Radioactive decay is a random process. A block of radioactive material will contain many trillions of nuclei. No all nuclei are likely to decay at the same time, so it is impossible to tell when a particular nucleus will decay.

It is not possible to say which particular nucleus will decay next but given that there are so many of them, it is possible to say that a certain number will decay in a certain time. Scientists cannot tell when a particular nucleus will decay but they can use statistical methods to tell when half the unstable nuclei in a sample will have decayed. This is called the half-life.

Half-life is the time it takes for half of the unstable nuclei in a sample to decay or for the activity of the sample to halve or for the count rate to halve.

Count-rate is the number of decays recorded each second by a detector, such as the Geiger-Müller tube.

The illustration below shows how a radioactive sample is decaying over time.

Graph with time against activity in becquerels, with a downward sloping curve.

From the start of timing it takes 2 days for the count to halve from 80 down to 40. It takes another two days for the count rate to halve again, this time from 40 to 20.

A third 2-day period, from 4 to 6 days, sees the count rate halve again, from 20 down to 10.

This process continues and although the count rate might get very small, it does not drop to zero completely.

The half-life of radioactive carbon-14 is 5,730 years. For example, if a sample of a tree (for example) contains 64 grams (g) of radioactive carbon, it will contain 32 g after 5,730 years and 16 g after another 5,730 years.

Calculating the isotope remaining - Higher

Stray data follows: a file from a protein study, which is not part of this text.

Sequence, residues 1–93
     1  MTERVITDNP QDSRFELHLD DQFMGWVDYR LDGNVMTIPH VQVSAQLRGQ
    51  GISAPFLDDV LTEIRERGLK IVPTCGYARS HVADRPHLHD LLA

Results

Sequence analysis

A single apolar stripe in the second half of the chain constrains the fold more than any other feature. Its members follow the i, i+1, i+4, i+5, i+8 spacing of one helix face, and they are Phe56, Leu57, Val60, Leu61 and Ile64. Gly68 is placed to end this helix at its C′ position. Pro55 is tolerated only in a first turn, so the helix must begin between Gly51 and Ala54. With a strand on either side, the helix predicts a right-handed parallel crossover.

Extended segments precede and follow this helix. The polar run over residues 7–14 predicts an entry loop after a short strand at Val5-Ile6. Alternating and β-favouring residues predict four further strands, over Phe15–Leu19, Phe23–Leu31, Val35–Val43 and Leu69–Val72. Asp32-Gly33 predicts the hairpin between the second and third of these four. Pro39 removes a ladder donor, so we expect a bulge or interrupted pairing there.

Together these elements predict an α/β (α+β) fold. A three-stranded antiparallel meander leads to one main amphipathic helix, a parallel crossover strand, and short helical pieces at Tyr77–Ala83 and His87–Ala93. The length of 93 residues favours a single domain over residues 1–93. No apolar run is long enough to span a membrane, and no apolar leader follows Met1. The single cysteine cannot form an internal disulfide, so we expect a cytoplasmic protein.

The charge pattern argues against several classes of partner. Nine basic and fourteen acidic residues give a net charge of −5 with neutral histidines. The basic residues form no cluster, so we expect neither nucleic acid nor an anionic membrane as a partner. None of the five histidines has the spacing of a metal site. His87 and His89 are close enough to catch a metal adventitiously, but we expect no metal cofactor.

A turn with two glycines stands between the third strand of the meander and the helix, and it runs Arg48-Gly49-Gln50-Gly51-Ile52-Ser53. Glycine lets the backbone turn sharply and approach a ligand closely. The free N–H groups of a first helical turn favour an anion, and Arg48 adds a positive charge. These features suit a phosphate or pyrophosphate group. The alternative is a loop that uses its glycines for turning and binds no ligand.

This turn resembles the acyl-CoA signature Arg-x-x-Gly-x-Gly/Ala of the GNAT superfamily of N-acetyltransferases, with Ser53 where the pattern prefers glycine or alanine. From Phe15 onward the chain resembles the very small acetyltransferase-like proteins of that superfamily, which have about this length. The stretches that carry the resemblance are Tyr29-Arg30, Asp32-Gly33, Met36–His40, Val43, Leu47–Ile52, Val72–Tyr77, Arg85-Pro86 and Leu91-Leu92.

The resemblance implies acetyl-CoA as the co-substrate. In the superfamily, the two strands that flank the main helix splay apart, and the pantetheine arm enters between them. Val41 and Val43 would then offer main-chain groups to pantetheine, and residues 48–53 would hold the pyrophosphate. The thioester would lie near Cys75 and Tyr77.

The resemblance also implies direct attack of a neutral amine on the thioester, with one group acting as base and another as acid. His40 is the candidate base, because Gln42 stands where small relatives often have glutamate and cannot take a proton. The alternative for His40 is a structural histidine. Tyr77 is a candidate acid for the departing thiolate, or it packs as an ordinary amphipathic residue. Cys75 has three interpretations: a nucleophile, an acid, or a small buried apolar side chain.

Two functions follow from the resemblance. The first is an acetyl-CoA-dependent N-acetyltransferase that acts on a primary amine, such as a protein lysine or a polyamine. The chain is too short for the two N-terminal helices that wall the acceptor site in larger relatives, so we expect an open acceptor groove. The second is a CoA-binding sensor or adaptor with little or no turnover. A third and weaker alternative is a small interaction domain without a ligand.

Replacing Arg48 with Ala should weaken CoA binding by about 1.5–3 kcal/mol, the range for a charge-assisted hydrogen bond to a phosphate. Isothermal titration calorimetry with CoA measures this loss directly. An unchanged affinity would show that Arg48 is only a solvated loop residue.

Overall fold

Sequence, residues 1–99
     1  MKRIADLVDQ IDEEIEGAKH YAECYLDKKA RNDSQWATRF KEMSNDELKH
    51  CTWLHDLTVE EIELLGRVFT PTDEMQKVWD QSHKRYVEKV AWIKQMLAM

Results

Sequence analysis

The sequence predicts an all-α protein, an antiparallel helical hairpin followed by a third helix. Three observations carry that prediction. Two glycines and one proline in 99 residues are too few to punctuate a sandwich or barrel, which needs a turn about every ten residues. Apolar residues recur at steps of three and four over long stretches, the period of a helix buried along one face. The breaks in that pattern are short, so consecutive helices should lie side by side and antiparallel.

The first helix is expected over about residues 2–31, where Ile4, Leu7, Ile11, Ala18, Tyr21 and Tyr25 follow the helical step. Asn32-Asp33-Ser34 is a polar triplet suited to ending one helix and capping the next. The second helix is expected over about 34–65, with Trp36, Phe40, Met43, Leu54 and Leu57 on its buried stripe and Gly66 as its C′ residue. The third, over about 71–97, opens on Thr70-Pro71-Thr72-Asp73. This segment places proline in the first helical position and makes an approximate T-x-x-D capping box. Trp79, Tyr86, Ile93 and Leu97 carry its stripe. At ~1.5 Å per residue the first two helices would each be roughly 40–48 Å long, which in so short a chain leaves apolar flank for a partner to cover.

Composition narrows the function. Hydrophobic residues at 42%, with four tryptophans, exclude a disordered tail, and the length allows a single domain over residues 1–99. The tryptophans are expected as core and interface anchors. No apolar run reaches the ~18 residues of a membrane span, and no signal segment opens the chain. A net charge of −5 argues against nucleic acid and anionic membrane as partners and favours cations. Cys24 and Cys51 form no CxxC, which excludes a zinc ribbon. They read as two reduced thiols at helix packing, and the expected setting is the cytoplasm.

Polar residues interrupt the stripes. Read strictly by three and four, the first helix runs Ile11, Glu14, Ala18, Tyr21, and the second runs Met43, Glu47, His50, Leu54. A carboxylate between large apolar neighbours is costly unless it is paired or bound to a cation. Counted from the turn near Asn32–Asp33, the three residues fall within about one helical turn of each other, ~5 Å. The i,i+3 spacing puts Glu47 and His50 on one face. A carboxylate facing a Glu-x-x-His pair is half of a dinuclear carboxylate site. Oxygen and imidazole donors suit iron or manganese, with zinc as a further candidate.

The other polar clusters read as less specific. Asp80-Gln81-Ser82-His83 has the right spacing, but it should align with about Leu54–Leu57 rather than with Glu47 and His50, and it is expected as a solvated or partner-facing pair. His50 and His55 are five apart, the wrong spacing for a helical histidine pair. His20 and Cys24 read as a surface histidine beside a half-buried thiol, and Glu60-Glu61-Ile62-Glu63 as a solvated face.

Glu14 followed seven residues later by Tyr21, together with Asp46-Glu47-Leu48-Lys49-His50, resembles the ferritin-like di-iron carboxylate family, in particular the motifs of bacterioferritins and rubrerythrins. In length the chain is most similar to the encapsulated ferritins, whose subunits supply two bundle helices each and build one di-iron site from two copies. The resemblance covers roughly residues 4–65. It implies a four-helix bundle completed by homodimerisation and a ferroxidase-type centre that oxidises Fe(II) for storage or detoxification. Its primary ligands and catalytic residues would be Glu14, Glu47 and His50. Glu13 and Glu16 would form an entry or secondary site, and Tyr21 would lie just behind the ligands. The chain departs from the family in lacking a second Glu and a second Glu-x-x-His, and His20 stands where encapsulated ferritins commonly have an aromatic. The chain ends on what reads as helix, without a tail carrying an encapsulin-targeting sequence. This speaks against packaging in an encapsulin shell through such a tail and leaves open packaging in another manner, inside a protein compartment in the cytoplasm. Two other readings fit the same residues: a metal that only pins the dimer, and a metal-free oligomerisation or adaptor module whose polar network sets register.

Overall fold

It should also be possible to state how much of a sample remains or what the activity or count should be after a given length of time. This can be stated as a fraction, decimal or ratio.

For example, the amount of a sample remaining after four half-lives can be expressed as:

  • A fraction - a ½ of a ½ of a ½ of a ½ remains, which is ½ x ½ x ½ x ½ = 1/16th of the original sample.
  • A decimal - 1/16th = 0.0625 of the original sample.
  • A ratio - given in the form 'activity after n half-lives : initial activity'. In this case 1:16. This is sometimes known as the net decline.

This could then be incorporated into other data. So if the half-life is two days, four half-lives is eight days. For example a sample has an activity of 3,200 becquerel (Bq) at the start, its activity after eight days would be 1/16th of 3,200 Bq = 200 Bq.


The half-life of cobalt-60 is 5 years. If there are 100 g of cobalt-60 in a sample, how much will be left after 15 years?

15 years is three half-lives so the fraction remaining will be \left ( \frac{1}{2} \right )^3 = \frac{1}{8} = 12.5 g.

As a ratio of what was present originally compared to what was left, this would be 100:12.5 or 1:0.125


What is the half-life of a sample where the activity drops from 1,200 Bq down to 300 Bq in 10 days?

Half of 1,200 is 600, half of 600 is 300. So it takes two half-lives to drop from 1,200 Bq to 300 Bq, which is ten days. So one half-life is five days.

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